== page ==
Thursday, June 10, 2010

Vilma Martinez should improve the US embassy

My good friend Arjan had offered for awhile to let us use his frequent flyer miles, and Ceci wanted to see where I grew up, so we decided to visit the US.

I did some research online and it wasn't obvious what visa my Argentina wife should apply for. On Ceci's urging, I called the US embassy. I spoke with a few people and was told to apply for a tourist visa. I was very skeptical, but they were insistent. The last woman I talked to in particular told me she was 100% sure I should apply for a tourist visa.

So Ceci and I paid the $140 put all her papers together. We had evidence that we've bought a new car that we cannot legally sell. We had a copy of the 2 year lease on our house. We had pictures from our wedding 6 months ago. We had all the paperwork showing she has had the same job for the last 8 years. Etc etc.

After waiting in line in the cold for hours, we got to talk to the consular officer (facing the windows, she all the way to the left, I believe it was lane 5, on June 7th at about 11:30). I went to the window with Ceci. The consular officer asked where Ceci wanted to visit. Ceci said "Delaware," since my parents live there. The consular officer didn't understand her, so I said "Delaware. My parents live there." The consular woman said, "You're an American? Go wait over there!" I left, and sat down. 10 seconds later, the woman told Ceci to get me.

Although for brevity's sake I won't transcribe everything she said, the consular officer was quite rude. It is possible to reject someone yet make them feel like it's an unfortunate consequence. This woman made us mad at how she treated us. I can't believe she represents the US in a professional capacity to foreigners behaving so rudely.

The rude consular officer told me that the law says that spouses of American citizens cannot ever get visas. My understanding is that this is the common interpretation of the law, but not the actual law. The consular officer rejected us in about 30 seconds before ever giving us a chance to show her any documents.

So what makes me really mad about all this?

* My wife cannot visit the US. That means I can't visit the US because I'm not going without her.

* The marriage penalty. My wife has less rights by marrying me than she would if she were only dating me. By marrying me, she loses rights with regards to America? That's messed up.

* Not only was I given false information by the US Embassy, I was given false information by an Embassy employee who insisted that she was 100% sure that Ceci should apply for a tourist visa after hearing my story. If she had just given me false information that would be one thing. But the employee insisted in the face of my skepticism...it's not like it is her job to advise people. Oh wait.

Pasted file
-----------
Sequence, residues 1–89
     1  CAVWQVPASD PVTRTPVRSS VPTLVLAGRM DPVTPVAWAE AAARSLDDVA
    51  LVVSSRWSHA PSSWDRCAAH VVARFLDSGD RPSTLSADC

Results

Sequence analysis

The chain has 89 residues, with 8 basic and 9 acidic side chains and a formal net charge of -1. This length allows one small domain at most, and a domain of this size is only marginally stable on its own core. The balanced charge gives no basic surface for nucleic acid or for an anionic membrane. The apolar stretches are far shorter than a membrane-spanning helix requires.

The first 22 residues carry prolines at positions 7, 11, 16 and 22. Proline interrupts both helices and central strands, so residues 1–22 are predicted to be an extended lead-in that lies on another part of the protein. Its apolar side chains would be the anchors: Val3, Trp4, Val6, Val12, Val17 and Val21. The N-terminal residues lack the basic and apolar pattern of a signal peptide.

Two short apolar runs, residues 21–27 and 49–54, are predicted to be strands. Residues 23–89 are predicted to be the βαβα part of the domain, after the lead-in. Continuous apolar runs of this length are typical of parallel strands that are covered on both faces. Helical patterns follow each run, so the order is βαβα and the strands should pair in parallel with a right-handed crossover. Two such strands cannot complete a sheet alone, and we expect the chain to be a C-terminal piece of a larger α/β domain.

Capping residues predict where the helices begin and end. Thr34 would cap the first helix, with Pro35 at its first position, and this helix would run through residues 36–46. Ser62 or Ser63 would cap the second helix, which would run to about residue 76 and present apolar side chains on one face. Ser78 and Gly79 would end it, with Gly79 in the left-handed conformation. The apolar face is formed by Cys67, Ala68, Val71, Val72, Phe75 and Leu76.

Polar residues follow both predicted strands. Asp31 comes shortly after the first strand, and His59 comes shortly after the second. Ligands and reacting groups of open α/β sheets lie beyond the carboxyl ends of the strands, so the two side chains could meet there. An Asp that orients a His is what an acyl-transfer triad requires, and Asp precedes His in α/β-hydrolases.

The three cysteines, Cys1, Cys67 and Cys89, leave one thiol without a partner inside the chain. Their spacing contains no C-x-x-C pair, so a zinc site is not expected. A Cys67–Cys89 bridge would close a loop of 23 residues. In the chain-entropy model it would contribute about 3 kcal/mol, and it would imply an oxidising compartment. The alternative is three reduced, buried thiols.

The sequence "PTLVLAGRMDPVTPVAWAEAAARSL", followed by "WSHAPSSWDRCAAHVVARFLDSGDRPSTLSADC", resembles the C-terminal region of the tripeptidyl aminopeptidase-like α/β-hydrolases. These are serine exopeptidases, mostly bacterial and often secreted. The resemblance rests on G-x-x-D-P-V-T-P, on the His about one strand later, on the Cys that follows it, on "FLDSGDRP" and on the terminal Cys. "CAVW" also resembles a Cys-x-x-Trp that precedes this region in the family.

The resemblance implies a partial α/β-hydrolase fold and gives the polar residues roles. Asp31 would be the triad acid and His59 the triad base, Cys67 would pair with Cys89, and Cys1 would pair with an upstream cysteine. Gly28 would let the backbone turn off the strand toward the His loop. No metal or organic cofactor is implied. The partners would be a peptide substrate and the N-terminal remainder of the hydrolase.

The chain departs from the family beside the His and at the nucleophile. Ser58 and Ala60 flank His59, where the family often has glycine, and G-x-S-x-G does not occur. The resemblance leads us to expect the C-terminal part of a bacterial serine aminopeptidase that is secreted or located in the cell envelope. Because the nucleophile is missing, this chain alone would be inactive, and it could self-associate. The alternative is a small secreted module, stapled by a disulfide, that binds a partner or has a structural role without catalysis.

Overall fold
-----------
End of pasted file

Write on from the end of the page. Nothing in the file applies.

* That false information led to me losing $140 plus about 10 hours of my time (some of it standing in the cold. I hate the cold!) and about 10 hours of Ceci's. The low limit on how I value my time would be about $60 an hour.

* My wife and I were treated quite rudely by the consular officer. My wife in particular was very upset by how rudely she was treated.



The US Ambassador to Argentina is Vilma Martinez. Ambassador Martinez, the American embassy in Buenos Aires...is a disaster.

5 comments:

DaVe said...

Sorry to hear you ran into these problems. Looks like someone gave you the wrong info on the tourist visa. You need the K1 or K3 visa. There is a blog post on this at http://yanquimike.blogspot.com/2010/06/k1-and-k3-visas-for-your-squeeze.html

Hope that helps for next time.

Evan said...

My research said that K1 and K3 visas do not exist anymore.

Jenn said...

That is horrible. We've had a huge runaround with the Spanish embassy here in Houston but I cut them a bit of slack because we're not Spanish citizens. It's scary they would treat you like that.

nat said...

the law is certainly not so.

the requirement in law for a tourist visa is to overcome the presumption that you are intending immigrant - in simple english, you must prove that you plan to return. an american spouse makes that tougher, as the assumption is that the foreign spouse will use the american one to establish residency.

however, NOTHING in the law makes an american spouse preclude a tourist visa - provided documentation that proves the applicant's ties to his/her country (also, the local ties of the american spouse). the papers you listed really ought to do be enough, unless you're dealing with felony stupidity and/or nastiness.

Anonymous said...

They do. They treat people like garbage. My mother, a US senior citizen who accompanied my friend to get a visa (to visit me for my daughter's HS graduation) left in tears!!